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This Week’s Creature Feature: Little Raptors in the Night

Saw-whet owls passing through on their annual southern migration

      Hearing something going bump in the night? Perhaps it’s a northern saw-whet owl passing through Chesapeake Country on its annual flight south for winter.
      Volunteers with Project Owlnet hope that’s the case this week as they set out mist nets at the Smithsonian Environmental Research Center in Edgewater to try to catch the little raptors.
      Saw-whets, tiny owls with large yellow eyes, begin migrating south from the boreal forests of Canada every fall. Just where they are headed is what researchers want to know.
      “Project Owlnet, began by Maryland Department of Natural Resources’ Dave Brinker, is a network of over 120 banding stations throughout the country,” says Alison Cawood, volunteer coordinator at the Smithsonian Environmental Research Center. “They capture, measure and band these little owls to help us understand how fast they travel south and what routes they are taking.”
     Cawood leads teams of six in setting out the nets every night this week and next, hoping to find the little birds en route. 
      Trying to spot them is near impossible. Most measure seven to eight inches long and weigh just a few ounces.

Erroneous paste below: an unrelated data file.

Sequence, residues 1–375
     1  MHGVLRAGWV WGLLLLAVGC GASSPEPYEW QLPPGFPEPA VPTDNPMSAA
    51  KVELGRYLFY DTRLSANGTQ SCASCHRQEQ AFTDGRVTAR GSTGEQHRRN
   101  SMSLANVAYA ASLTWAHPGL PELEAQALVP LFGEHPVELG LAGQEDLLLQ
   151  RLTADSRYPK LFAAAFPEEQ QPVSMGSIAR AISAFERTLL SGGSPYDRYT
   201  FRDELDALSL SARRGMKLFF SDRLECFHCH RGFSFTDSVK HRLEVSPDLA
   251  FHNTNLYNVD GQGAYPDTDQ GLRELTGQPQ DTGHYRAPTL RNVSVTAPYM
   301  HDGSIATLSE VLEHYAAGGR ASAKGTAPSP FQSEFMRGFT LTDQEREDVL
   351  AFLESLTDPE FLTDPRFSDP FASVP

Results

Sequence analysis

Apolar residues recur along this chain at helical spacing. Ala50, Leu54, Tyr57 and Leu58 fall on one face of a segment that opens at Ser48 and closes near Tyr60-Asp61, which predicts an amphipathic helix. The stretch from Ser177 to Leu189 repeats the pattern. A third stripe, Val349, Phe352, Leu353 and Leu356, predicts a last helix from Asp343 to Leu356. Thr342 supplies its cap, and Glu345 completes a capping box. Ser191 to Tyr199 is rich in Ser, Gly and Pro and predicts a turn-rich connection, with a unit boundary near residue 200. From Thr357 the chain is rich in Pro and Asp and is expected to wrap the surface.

“Saw-whets were once thought to be quite uncommon outside of Canada,” Cawood says. “Turns out, it was just because no one was really looking.”
      At dark, volunteers set fine-meshed mist nets to catch birds and bats safely. Audio recordings of mating calls lure the owls in. The nets are checked hourly. If a catch is discovered, the owl is removed and its sex, weight, age and other health measurements recorded. Then the bird is banded and released, in hopes it will be recaptured some day.
      All this catch and release helps establish baseline data for the owl’s migration patterns. “It also tells us how certain human impacts, climate change, and other factors can change animal behavior,” Cawood says. The greatest threat to the saw-whet owl is the destruction of mature forests.
      So keep your ears peeled for this tiny October visitors’ series of whistled toots (listen at
sounds), and wish them many happy returns.